It Is Not Yours: Part 1 (of 4) (with audio)

I’ve been thinking a lot about the ancient past of the Americas much more than I ever have, and actually I’m hooked. It’s geology that’s done it, despite the feeling of dusty barrenness and general boredom I routinely felt in classes where geology came up. The encounter with an unfathomably ancient past through a stone in my hand reversed years of negligence.

So here’s the first installment of a poem in four parts.

It Is Not Yours I

Lucca Daniel Green        17 January 2023
     The glimmer of fragments
I collect them,
to make them
I always chase a lost cause.

It’s a mix of jasper in every color, agate-fragments from so many shattered geodes, and even a few probable geodes intact. If I weren’t seeing these same kinds of rocks all over the area, I’d be forced to think that a rockhound had scattered their collection on this property. And the green rocks! So many beautiful greens!!! And they’re even my favorite kind of greens, olive and chartreuse! Epidote everywhere!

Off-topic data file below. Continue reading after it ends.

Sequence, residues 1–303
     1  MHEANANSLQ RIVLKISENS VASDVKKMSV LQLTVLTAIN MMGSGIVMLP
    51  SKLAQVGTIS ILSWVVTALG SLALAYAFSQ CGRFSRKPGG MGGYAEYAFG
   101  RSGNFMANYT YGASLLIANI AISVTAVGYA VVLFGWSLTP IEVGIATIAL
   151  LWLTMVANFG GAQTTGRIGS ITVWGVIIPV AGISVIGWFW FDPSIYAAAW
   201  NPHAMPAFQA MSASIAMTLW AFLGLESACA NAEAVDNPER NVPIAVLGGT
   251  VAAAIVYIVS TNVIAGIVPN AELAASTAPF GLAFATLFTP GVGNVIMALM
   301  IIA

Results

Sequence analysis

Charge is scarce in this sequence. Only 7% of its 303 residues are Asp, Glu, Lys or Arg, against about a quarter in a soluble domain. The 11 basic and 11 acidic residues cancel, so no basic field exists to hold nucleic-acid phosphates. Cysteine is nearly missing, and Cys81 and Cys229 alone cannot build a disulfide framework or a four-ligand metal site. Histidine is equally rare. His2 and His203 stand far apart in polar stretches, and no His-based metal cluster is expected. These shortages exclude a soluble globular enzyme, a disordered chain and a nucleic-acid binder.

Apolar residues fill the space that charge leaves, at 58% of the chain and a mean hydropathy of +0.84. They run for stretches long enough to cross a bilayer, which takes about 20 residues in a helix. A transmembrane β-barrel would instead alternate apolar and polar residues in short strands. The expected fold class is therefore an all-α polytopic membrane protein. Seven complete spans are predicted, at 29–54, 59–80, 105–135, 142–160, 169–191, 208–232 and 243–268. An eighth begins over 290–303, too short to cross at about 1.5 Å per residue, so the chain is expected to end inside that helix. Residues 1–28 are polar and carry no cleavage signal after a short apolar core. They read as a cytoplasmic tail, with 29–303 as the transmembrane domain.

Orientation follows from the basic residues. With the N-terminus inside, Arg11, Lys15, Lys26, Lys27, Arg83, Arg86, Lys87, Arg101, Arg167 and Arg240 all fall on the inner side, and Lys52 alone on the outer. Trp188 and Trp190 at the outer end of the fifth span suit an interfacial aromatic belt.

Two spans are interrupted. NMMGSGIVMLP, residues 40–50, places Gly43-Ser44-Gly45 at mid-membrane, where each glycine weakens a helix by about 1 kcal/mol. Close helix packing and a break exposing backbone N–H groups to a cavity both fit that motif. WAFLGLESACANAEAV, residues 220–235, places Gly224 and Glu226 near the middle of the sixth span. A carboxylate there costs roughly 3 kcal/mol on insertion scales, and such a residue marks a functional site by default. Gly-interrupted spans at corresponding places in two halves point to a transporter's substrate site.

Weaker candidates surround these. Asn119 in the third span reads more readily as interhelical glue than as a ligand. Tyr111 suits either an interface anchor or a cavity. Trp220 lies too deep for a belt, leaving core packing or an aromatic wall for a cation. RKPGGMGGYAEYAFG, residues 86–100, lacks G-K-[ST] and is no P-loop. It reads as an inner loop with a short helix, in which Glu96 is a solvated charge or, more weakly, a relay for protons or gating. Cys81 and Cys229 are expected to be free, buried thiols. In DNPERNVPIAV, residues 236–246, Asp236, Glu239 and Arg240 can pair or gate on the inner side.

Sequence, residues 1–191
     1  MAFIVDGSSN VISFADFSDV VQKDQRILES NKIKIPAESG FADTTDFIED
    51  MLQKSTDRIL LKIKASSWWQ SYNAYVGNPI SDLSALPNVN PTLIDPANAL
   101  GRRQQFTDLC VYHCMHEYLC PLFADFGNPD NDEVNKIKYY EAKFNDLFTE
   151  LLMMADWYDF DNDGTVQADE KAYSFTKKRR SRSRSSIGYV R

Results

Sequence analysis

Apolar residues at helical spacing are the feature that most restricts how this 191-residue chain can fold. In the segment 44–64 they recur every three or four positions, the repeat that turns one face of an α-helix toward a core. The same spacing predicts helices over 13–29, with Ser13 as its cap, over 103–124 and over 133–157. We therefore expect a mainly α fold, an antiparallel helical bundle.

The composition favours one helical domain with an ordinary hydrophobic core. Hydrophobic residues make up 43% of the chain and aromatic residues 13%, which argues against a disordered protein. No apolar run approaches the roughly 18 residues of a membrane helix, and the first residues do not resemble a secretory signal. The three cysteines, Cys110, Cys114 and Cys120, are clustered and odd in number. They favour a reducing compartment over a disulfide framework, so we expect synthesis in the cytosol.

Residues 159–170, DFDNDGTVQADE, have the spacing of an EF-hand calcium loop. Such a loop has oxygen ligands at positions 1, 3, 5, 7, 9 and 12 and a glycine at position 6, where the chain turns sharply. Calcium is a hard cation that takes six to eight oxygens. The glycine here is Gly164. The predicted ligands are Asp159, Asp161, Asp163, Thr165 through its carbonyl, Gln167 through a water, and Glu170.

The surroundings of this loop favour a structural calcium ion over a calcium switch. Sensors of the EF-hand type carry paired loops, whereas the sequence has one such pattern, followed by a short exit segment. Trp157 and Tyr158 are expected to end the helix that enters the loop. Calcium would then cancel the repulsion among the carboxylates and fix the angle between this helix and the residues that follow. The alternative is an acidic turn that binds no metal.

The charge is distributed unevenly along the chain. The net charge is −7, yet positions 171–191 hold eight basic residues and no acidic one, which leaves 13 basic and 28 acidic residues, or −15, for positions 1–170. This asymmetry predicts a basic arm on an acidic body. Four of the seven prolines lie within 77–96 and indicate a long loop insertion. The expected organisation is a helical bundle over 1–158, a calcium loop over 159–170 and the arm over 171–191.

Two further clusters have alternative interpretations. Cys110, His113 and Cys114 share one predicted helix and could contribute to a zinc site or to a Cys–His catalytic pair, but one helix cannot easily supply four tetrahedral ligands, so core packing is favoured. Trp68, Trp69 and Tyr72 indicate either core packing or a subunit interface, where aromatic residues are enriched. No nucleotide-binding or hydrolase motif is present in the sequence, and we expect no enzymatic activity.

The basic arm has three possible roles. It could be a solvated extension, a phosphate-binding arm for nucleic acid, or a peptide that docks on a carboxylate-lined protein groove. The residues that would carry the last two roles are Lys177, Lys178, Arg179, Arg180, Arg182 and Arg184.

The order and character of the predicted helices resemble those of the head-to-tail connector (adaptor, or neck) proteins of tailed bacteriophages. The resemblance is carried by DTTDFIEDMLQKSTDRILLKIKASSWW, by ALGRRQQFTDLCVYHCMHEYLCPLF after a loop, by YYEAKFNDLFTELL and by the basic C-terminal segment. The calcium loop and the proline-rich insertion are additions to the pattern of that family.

I’ve found the same variety of rocks all up the slope of the hill behind my house (but only on the summit in one spot), so I feel confident that they belong to this spot, so they weren’t imported in a load of gravel. Even still, you can also find this assortment in the mix paving the roads around the neighborhood as well. Before now I didn’t pay attention to the pebbles in the asphalt, so I can’t say if it’s the same mix everywhere or only within this area. (That depends on the materials for the roads, how locally sourced they are, which I also don’t know.)

Ultimately, I’m not collecting these rocks to keep them. There are maybe three rocks that I would like to keep with me, but that is all. All of these stones and pebbles are going to go into an impermanent mosaic.

As of right now, I don’t even want to open up the known geodes to see inside them. There is too much splitting open as it is. And what good would come of it other than the temporary satisfaction of my curiosity: neither I nor the dissected geode will be whole again. The geode, obviously, but it would also open up a hunger in me to see inside every rock. And there is something remarkably irreverent in splitting open a rock, though I can’t quite say why I feel that way.

Instead I’ll unite them, green with green, orange with orange, red with red, and put them to use to lay out ephemeral scenes of beauty and organic life.

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